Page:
JUPITER FARMS, Fla. - Rafael Ibarra had become very attached to his pet goat Weebles.
Ibarra nursed Weebles back to health after the kid was abandoned by her mother and born prematurely.
"So we had to take her in and wrap her in a towel, and rub sugar on her gums. Her back leg wasn't fully developed, so she couldn't walk. That's why her name is Weebles...cause she wobbled."
Weebles was one of three goats taken in recent weeks from the Teasley family, his friends who live in Jupiter Farms.
"I just really want my Weebles back...that's my first actual pet," he said.
The very trait that endeared her to Ibarra and the Teasleys may very well have been her undoing; friendly to a fault and slow to run away made her a tempting target.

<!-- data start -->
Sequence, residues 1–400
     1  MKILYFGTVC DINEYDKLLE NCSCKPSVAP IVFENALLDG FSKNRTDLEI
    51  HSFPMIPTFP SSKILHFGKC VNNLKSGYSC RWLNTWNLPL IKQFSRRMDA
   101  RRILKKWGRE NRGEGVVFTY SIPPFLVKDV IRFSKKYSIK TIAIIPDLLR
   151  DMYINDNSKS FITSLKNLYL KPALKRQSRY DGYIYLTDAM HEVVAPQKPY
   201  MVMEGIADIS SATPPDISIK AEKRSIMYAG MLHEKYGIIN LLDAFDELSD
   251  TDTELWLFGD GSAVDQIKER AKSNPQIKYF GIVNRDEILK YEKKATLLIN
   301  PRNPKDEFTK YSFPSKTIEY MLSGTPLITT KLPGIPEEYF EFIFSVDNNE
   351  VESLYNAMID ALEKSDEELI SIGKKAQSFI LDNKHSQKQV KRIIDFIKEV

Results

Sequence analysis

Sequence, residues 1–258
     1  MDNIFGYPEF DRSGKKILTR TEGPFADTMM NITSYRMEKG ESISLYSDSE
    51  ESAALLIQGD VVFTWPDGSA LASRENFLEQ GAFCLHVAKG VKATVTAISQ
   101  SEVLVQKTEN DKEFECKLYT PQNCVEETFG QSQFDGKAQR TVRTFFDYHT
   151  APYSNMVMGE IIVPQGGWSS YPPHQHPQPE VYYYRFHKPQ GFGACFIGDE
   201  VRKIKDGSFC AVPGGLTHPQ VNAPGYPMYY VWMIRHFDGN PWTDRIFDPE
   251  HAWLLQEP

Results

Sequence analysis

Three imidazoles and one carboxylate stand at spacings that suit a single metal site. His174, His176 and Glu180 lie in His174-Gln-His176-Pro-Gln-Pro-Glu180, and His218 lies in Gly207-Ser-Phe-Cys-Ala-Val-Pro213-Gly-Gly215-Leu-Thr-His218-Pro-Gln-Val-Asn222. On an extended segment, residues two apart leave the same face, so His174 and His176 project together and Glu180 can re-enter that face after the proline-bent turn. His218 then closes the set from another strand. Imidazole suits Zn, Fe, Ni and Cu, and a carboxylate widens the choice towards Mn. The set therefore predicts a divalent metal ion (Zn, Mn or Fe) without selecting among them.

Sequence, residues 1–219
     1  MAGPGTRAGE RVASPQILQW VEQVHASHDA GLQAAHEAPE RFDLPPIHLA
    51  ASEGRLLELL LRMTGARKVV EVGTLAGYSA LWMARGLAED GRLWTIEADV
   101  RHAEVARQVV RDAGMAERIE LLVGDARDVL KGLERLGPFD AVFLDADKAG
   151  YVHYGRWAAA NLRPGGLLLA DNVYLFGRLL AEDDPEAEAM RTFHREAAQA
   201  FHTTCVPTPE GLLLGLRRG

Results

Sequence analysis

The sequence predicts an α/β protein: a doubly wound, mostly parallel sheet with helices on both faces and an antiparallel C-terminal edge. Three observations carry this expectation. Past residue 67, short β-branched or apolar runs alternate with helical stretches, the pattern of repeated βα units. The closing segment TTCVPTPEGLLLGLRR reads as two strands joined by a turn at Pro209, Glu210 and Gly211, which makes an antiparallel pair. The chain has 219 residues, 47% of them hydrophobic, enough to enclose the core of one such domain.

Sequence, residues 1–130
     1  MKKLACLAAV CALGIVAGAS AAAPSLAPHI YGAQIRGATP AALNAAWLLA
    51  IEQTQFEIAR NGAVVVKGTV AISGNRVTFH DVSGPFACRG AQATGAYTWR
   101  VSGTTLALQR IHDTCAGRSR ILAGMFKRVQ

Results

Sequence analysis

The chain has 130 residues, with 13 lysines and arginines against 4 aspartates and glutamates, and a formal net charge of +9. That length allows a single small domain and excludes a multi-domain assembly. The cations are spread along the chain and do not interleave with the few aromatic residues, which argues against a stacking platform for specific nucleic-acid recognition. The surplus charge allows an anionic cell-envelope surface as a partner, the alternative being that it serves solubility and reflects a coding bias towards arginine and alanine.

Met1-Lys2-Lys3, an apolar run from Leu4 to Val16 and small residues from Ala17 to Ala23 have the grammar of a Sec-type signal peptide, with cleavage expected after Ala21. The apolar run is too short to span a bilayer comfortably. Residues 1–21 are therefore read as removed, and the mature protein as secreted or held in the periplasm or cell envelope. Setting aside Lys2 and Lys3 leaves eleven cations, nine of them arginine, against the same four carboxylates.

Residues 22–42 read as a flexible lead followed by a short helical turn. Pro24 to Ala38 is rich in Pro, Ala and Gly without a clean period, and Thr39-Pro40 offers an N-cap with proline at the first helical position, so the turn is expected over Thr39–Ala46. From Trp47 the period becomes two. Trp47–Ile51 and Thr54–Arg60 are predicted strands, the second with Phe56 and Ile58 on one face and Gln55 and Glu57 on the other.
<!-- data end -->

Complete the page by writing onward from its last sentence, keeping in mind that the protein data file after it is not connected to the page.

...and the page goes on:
"If you have food, they'll come right up to you and eat," said Stephanie Teasley.
Not only was Weebles taken, but so were Sugar and Gracey.
"The first time I'd ever seen Sugar smile she ran across the yard when we were unloading the goats to bring because she wanted companionship. And she just smiled really big and that was just great."
The goats were pets, and treated like members of the family,
The Teasleys can't believe anyone is capable of doing this.
"Quite disturbing that there's someone out here snatching goats...keep an eye out, there are people out there that definitely want to take what you have," said John Teasley.
The Teasleys will be taking precautions to protect their remaining nine goats, and they're asking their neighbors to be on the lookout for any suspicious activity.
Copyright 2011 Scripps Media, Inc. All rights reserved. This material may not be published, broadcast, rewritten, or redistributed.
Latest Local News Stories
Get the latest news from your neighborhood on our Northern Palm Beach County homepage.